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Adopt a Golden Birmingham

PO Box 361753, Birmingham, AL

Phone: 205-290-7788

Alabama Angels Dog Rescue

1293 County Rd 812, Wedowee, AL

Phone: 770-712-4521

Alabama Animal Adoption Society

2808 Crescent Ave, Birmingham, AL

Phone: 205-871-6351

Alabama Animal Rescue

45 Hunters Trce, Pelham, AL

Phone: 205-621-2157

Alabama Boxer Rescue and Adoption, Inc.

103 Chattahoochee Dr, Montgomery, AL

Phone: 334-272-2590

Alabama Equine Rescue

PO Box 517, Odenville, AL

Phone: 205-680-1862

Albertville Animal Hospital: Trapp Ellen DVM

530 Alabama 75, Albertville, AL

Phone: 256-878-5321

Andalusia Animal Shelter

101 Coliseum Ave, Andalusia, AL

Phone: 334-222-8705

Andalusia Area Humane Society

1906 E 3 Notch St, Andalusia, AL

Phone: 334-222-8142

Animal Outreach of Fayette County

83 County Rd 140, Fayette, AL

Phone: 205-932-9205
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Animal Shelter of Pell City

1071 Airport Rd, Pell, AL

Phone: 205-814-1567

Animal Shelters

1201 Parkwood Dr, Anniston, AL

Phone: 256-236-1581

Anniston Animal Control

1200 Gurnee Ave, Anniston, AL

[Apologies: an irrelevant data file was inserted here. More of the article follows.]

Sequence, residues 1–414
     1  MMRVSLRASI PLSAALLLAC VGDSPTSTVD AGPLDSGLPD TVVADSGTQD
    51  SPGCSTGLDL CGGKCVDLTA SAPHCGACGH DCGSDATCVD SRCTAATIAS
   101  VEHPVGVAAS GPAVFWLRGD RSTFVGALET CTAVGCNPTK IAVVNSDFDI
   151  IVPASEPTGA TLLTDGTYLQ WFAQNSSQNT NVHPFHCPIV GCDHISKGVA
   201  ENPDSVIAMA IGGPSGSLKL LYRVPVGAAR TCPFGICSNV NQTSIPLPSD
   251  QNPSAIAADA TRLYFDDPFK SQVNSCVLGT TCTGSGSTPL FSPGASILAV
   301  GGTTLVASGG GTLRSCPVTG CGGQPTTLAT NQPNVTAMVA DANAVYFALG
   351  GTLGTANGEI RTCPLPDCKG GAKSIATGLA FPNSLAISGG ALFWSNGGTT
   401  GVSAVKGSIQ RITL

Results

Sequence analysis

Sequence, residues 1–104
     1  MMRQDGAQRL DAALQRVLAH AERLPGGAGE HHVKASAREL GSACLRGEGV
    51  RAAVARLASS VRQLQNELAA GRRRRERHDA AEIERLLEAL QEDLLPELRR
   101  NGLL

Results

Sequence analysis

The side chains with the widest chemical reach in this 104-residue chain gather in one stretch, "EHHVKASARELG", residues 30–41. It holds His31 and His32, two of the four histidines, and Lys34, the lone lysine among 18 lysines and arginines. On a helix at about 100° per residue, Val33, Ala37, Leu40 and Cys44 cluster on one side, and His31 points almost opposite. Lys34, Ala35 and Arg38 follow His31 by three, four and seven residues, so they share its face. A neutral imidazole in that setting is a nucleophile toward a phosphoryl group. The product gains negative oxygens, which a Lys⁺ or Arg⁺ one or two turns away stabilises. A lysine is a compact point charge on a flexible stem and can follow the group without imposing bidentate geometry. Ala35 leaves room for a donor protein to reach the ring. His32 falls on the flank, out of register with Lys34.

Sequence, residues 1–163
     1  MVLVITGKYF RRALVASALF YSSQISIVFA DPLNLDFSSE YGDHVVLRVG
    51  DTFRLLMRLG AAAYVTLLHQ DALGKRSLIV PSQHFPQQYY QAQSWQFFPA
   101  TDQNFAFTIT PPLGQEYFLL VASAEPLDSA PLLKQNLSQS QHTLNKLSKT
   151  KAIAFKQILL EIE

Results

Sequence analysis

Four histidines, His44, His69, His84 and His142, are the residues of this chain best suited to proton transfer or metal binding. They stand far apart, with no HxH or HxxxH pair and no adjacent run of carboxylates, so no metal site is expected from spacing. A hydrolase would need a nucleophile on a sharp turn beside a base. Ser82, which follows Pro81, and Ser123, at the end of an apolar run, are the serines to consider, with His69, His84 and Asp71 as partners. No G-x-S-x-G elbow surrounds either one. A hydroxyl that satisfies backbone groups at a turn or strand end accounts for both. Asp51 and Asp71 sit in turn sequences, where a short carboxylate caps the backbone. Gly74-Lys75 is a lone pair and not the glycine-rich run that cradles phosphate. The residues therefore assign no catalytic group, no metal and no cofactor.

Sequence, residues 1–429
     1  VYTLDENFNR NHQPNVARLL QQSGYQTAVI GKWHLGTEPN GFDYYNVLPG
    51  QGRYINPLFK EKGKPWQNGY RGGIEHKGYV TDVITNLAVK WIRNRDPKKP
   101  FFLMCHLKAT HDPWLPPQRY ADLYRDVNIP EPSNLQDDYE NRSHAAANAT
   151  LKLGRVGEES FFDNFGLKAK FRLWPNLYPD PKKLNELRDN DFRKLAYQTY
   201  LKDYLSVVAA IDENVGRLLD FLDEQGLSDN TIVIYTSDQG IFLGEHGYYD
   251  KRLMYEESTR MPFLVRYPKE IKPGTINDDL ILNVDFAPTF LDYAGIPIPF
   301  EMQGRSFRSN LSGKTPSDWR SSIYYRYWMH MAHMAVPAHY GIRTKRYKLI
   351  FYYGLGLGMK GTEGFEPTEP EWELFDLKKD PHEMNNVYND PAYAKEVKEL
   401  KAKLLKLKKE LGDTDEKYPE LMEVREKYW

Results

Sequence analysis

Phone: 256-238-1800

Ark Inc Shelter

139 Bo Cole Rd NW, Huntsville, AL

Phone: 256-851-4088

Athens Limestone Humane Society

PO Box 725, Athens, AL

Phone: 256-233-4021

Atmore Animal Shelter

206 Cindebran Dr, Atmore, AL

Phone: 251-368-0859

Baldwin County Humane Society

22886 U.S. 98, Fairhope, AL

Phone: 251-928-4585

Barbour County Humane Society

99 Gilchrist Rd, Clayton, AL

Phone: 334-775-7477

Bessemer Humane Society

1230 15th Ave N, Bessemer, AL

Phone: 205-425-0610

Boykin Spaniel Rescue

366 Lk Shr Dr, Shelby, AL

Phone: 205-669-0580
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Boykin Spaniel Rescue

94 Sunrise Dr, Eufaula, AL

Phone: 334-687-4950

Bullock County Humane Society

5809 Hyde Park Dr, Montgomery, AL

Phone: 334-738-2432

Butler County Humane Society

PO Box 264, Greenville, AL

Phone: 334-210-7600

C.H.A.R.M., Inc.

PO Box 216, Headland, AL

Phone: 334-693-9097

CARAA at Arab Animal Shelter

PO Box 522, Arab, AL

Phone: 256-738-0272

Cat Welfare Society

4317 Fair Oaks Dr, Birmingham, AL

Phone: 205-879-2728

Central Alabama Animal Shelter